Driverless cars' need for data is sparking a new Space Race
Automakers are looking to the heavens for the next generation of car technology.
Satellites, such as those scattered across the skies by Elon Musk’s SpaceX, are emerging as a key tool to handle the huge amounts of data that cars will need to drive themselves. Autonomous vehicles will generate as much as 40 terabytes of data an hour from cameras, radar and other sensors — equivalent to an iPhone’s use over 3,000 years — and suck in massive amounts more to navigate roads, according to Morgan Stanley.
Although most new cars come with a modem under the dashboard and receive data via the same towers that serve your cellphone, coverage can be spotty, which is a no-no for self-driving vehicles.
“Only 10% to 15% of the air surface is covered by cellular networks,” said Chris Quilty, founder of Quilty Analytics and a space industry consultant.
“As you move down the road toward autonomous vehicles and the need to constantly update information and have real location accuracy, satellites become a credible technology.”
However, it’s not just self-driving that has car executives interested in satellites. Recurring revenue has become the holy grail for automakers looking to break free of the traditional boom-and-bust cycle of vehicle sales.
Ford Motor Co CEO Jim Farley has said his company’s future depends not on selling cars but on selling car owners a continuous stream of services, from hands-free driving technology to the latest touchscreen infotainment apps. The connected car is central to that strategy.
“There’s always going to be these cellular deserts where I think a satellite option could be really interesting,” said Bryan Salesky, CEO and co-founder of Argo AI, the self-driving startup backed by Ford and Volkswagen AG.
Chinese automaker Zhejiang Geely Holding Group Co is launching its own constellation of satellites, and Iridium Communications Inc, which has long beamed signals from space to the airline industry and US military, said it’s also hearing from automakers.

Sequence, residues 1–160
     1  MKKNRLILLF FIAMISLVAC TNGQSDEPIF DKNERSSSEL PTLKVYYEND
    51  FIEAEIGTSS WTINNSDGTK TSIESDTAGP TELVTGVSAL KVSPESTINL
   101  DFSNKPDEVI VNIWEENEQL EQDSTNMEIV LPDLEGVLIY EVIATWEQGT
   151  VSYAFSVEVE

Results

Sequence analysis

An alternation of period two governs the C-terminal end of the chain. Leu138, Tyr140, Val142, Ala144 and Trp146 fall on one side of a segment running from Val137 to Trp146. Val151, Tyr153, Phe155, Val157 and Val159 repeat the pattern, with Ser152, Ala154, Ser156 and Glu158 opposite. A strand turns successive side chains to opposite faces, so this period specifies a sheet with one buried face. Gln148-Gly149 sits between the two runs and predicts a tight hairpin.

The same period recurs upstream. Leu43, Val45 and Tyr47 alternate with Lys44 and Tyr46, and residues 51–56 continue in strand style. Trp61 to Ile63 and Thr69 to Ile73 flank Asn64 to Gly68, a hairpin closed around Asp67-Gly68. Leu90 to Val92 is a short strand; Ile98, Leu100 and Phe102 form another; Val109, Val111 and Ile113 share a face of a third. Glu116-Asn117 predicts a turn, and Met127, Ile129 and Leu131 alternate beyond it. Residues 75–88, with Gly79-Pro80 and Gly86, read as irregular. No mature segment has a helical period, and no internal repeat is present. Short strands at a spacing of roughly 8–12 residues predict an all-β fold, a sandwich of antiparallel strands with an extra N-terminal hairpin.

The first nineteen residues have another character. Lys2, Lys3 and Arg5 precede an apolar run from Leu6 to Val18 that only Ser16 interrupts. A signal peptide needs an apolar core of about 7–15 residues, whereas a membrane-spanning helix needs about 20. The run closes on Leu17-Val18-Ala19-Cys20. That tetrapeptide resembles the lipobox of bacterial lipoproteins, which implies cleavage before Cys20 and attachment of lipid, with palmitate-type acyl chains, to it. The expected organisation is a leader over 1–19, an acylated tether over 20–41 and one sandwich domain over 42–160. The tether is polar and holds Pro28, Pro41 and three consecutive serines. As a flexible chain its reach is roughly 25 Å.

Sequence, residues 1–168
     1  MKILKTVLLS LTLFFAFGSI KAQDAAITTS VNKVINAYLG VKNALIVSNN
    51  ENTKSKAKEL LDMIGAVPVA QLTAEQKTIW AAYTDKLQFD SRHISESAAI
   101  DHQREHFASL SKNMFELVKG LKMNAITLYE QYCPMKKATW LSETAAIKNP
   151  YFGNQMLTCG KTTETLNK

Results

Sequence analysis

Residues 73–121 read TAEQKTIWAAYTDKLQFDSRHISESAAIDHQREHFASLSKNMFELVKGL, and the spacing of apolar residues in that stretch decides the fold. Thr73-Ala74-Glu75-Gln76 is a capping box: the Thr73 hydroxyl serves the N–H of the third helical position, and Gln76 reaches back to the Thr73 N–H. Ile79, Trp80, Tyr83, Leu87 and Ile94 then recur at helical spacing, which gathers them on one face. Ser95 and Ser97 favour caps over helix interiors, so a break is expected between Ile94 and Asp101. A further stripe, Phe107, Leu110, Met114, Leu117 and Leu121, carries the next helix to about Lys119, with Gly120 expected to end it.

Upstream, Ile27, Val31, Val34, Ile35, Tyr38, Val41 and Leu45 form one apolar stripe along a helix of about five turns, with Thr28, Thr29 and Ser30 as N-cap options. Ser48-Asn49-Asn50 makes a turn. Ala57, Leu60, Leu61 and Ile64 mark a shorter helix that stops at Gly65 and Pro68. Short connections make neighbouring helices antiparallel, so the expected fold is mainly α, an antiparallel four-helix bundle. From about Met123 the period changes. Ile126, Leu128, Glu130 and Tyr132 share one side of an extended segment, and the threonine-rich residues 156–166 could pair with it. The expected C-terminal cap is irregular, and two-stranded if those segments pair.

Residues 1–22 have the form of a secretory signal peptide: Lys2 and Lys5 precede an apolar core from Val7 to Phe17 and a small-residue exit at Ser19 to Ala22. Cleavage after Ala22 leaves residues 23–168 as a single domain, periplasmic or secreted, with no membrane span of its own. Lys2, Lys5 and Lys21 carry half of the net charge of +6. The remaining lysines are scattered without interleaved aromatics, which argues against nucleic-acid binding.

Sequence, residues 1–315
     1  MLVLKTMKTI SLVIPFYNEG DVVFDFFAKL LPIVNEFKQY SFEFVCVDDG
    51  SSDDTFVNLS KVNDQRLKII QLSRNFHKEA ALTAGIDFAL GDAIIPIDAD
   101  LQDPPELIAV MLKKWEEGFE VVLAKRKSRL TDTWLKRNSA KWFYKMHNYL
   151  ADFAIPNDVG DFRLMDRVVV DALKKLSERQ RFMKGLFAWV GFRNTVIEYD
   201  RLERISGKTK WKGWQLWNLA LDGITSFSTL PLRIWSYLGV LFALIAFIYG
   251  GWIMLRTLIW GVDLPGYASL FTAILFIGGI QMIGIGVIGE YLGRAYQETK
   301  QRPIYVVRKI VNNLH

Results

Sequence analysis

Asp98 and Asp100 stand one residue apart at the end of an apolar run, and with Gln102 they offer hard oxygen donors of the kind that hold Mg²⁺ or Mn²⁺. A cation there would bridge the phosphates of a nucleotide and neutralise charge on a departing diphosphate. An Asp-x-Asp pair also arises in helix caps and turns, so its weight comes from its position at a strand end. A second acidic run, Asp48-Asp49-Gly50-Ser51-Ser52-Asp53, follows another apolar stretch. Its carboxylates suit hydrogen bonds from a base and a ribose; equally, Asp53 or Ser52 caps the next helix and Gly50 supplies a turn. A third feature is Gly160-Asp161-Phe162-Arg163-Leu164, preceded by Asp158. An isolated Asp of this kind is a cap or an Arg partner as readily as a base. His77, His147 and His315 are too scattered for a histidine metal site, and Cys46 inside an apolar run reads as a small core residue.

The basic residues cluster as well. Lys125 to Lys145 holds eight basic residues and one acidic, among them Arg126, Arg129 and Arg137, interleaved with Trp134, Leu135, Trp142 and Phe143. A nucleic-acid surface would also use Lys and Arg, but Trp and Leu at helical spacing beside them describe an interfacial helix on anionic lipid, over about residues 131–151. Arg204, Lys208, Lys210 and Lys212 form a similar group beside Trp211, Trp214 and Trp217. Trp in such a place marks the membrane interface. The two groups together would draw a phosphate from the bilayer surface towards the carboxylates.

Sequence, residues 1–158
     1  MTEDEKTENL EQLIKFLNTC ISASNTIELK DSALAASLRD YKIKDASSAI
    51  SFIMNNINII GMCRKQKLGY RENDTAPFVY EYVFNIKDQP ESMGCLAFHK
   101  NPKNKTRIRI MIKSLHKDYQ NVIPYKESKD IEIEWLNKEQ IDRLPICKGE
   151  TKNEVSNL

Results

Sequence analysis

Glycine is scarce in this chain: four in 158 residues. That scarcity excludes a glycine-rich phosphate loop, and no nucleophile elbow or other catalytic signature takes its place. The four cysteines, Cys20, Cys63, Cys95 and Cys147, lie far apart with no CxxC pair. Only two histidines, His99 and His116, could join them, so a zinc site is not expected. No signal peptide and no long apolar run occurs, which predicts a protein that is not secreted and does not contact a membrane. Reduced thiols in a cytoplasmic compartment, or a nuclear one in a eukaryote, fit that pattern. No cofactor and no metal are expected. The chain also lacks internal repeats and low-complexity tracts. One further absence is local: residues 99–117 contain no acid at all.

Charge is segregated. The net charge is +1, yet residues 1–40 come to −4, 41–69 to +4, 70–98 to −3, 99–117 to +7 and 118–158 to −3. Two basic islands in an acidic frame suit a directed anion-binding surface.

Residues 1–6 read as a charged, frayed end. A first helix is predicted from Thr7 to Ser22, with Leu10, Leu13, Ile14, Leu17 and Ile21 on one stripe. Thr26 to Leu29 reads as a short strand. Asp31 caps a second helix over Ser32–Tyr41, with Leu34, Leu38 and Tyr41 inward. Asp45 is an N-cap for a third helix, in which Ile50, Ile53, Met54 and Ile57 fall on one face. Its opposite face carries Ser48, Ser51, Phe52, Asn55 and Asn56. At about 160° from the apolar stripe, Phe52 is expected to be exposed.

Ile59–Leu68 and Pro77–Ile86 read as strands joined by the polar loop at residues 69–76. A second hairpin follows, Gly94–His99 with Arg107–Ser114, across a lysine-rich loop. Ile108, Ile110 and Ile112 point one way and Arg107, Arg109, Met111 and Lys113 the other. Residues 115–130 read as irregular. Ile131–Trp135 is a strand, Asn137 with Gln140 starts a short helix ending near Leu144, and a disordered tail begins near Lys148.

As with electric cars, Tesla Inc CEO Musk is at the forefront. Through his SpaceX rocket company, he’s deployed more than 1,700 satellites that operate in low-Earth orbit, or LEO, which is about 565km from the planet’s surface, compared with about 36,000km for traditional satellites. This relative proximity allows LEO satellites to communicate faster with people and things on Earth, tackling space-based communication’s biggest drawback: signal delay.
Musk asked regulators for permission to use his Starlink satellite network to interact with moving vehicles earlier this year. These receivers will at first be for only trucks or RVs, because the satellite dish — about 50cm in width — is too large for cars.
Tesla has transmitted software improvements straight into cars for years. Now legacy automakers are following suit. Some software will be optional, such as the hands-free driving systems that Ford and General Motors Co are offering, but something similar to a patch to fix a glitch in the electronic transmission will be mandatory.
“We’ve received a lot of interest on downloading software updates,” said Mark Dankberg, co-founder of Viasat Inc, a provider of satellite broadband.
“If you do it by satellite, you can reach enormous numbers of vehicles at one time.”
Still, satellite companies must reduce the time it takes for a signal to travel from space to a car, which is now about 50 milliseconds, vs 10 milliseconds for a cellular signal, though Musk said Starlink has reduced its signal lag to less than 20 milliseconds. Automakers are also weighing the benefits of a terrestrial system such as 5G, which builds on existing cellular technology. Satellites give more comprehensive coverage, but they face challenges not only with speed but also with everyday obstructions — parking garages, for instance, which 5G can navigate.
“It’s a big race called Space 3.0,” said Iridium Communications CEO Matt Desch of the push to commercialise space.
“The last thing a car manufacturer really wants is to pick badly.”
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